Nebraska October 25, 2016
This Park In Nebraska Has A Dark And Evil History That Will Never Be Forgotten
Many people who have visited Hummel Park in Omaha disagree on the specifics of the park’s history. But one thing that most visitors can agree on is that there is a decidedly creepy vibe there. From unexplained noises to orbs in photographs to animal sacrifices, some very scary things happen in this park.
The park's entrance sign itself looks a bit like a gravestone. It sets the stage for what you'll find inside.
One of Hummel Park's many legends regards the trees that curve inward, toward the road.
It has been said that in the early 1900s, a large number of black Omahans were lynched from these trees. The trees are thought to retain the memory of these gruesome murders and still bow under the weight of the victims' souls.
Though the hanging story is unproven, there have been several verifiable deaths associated with the park.
In 1983, Laura LaPointe was robbed and beaten to death by two other women in Hummel Park. In 2006, the body of 12-year-old Amber Harris, who had been missing since the previous winter, was discovered in a shallow grave in the park. The memorial above was erected in 2008 for David Murillo, a young man who died in the park in a car accident. There are many other tales - some true, some just legends - about deaths that have taken place here.
The park is a huge 200 acres, and different myths surround each section.
A place called Devils Den is where some people have come to perform satanic rituals and animal sacrifices. Although the tales of the park being built on a Native American burial ground and infested with evil spirits have yet to be proven, the altars with satanic scrawlings are very real and can be seen by visitors.
Devils Den is also home to the infamous morphing stairs.
Legend has it that if you count the steps going up and coming down, the numbers will never match up. There will always be more stairs going up than coming down (or vice versa, depending on who you ask). It's said that if you ever do arrive at the same number, your death is imminent. One legend even says that if you count the steps while descending and happen to count the correct number, the devil will appear to grant you anything you ask for...as long as you're willing to give your soul in exchange.
On a particularly beautiful overlook sit these twin altars at the end of a stone path.
It's difficult to say what the structures were originally meant for. It's hard to believe there would have been fire pits here in the forested area, but today they are used for burning objects...and possibly for darker activities as well. Here - as in other areas of the park - visitors have reported hearing screams, but upon investigation have been unable to find their source.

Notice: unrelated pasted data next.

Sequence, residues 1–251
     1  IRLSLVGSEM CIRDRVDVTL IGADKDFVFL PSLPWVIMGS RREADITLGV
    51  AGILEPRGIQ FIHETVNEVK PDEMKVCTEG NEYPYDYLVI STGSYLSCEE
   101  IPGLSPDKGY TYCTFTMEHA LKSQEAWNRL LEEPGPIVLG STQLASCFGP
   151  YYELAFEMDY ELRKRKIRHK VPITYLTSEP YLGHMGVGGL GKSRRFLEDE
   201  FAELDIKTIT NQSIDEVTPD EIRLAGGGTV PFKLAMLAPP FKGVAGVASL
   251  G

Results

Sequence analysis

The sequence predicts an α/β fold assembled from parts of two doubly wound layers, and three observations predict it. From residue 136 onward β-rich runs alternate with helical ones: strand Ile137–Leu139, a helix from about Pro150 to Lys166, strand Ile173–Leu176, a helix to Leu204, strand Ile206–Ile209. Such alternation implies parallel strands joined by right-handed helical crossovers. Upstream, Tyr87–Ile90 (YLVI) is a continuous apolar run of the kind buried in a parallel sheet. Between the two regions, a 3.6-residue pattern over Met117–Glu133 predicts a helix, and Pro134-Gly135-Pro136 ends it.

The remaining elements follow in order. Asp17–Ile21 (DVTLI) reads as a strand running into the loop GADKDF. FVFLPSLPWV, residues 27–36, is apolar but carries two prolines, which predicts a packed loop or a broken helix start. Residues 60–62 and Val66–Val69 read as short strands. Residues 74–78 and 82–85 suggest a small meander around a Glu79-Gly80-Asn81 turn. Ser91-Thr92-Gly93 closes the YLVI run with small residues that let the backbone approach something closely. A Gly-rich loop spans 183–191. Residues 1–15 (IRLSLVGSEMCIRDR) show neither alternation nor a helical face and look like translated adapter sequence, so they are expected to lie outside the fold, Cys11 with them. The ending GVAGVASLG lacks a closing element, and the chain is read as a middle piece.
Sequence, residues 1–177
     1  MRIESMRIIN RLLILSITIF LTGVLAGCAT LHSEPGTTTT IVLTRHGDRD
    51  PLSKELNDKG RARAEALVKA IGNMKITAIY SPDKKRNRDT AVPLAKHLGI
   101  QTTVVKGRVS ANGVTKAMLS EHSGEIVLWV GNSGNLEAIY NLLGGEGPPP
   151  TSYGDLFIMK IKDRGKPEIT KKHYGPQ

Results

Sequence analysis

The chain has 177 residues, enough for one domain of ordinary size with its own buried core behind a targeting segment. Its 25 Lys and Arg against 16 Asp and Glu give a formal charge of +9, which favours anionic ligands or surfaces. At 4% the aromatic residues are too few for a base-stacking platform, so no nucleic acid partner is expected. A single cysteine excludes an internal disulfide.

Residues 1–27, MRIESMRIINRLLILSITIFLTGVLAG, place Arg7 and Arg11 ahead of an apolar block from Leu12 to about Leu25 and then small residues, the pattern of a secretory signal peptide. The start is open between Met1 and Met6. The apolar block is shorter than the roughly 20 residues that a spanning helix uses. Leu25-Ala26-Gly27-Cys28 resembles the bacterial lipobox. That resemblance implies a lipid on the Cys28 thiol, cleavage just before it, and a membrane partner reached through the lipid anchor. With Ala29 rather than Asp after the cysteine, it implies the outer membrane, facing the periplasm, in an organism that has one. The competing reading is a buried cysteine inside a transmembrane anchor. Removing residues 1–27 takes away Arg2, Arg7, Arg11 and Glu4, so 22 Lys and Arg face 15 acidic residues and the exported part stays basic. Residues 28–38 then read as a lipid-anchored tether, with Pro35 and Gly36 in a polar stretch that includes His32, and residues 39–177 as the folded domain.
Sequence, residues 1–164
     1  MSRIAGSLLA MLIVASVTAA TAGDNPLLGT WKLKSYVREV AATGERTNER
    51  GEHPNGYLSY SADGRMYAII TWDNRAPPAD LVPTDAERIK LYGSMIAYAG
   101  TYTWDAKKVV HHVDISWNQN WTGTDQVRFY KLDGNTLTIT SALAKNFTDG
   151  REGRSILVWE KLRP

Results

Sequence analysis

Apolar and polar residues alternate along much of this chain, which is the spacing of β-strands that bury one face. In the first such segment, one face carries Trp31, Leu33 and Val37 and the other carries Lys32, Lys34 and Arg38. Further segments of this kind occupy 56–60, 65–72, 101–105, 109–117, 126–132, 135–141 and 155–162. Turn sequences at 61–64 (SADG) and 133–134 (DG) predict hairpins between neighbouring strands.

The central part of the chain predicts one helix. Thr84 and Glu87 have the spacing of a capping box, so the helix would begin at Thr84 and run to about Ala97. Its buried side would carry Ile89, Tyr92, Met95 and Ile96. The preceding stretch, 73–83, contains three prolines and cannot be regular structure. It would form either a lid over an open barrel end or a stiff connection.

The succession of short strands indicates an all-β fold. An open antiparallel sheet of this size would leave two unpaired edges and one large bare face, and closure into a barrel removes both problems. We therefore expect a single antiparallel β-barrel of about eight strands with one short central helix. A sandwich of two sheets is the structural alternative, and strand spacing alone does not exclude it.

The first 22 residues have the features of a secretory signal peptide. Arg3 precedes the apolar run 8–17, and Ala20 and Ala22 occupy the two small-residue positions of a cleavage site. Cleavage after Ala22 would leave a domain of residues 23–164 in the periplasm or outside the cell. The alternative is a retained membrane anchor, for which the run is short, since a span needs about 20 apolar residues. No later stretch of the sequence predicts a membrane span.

The Lodge is an interesting feature of the park.
Meant to be a gathering space for families, the building has also attracted some less wholesome visitors. The large stone fireplace has been closed off and vandals have left spray paint tags all over the building.
Inside, orbs sometimes appear in photos and people report feeling a mysterious dark presence.
There are many, many other legends associated with Hummel Park. Some have been disproven by looking back through city records, but steadfast believers say that historic records can't always be trusted.
One of the most enduring is the tale of the albino colony in the woods which has been there since at least the 1950s. Although there are no records of such a place existing or pictures to prove the reported sightings, people swear to this day that there is a group of secretive albinos holed up on park grounds.
This crumbling bridge is a perfect example of how this once-beautiful park now seems creepy and decrepit.
in the daylight it doesn't seem so bad. Families picnic here, children play on swings, and day camps run educational programs in the summer. However, we wouldn't recommend hanging around after the sun goes down. Whether human or supernatural, the goings-on here at night are something that most people want to stay far, far away from.
Hummel Park’s history is long and often dark, but many people still use this space daily. You may not be a believer in the ghostly activities here, but it definitely does emanate creepiness…a feeling that isn’t helped by knowing that death and sadness are a verifiable part of the park’s history.
If you dare step foot into Hummel Park, you can find it at 11808 John J Pershing Dr, Omaha, NE 68112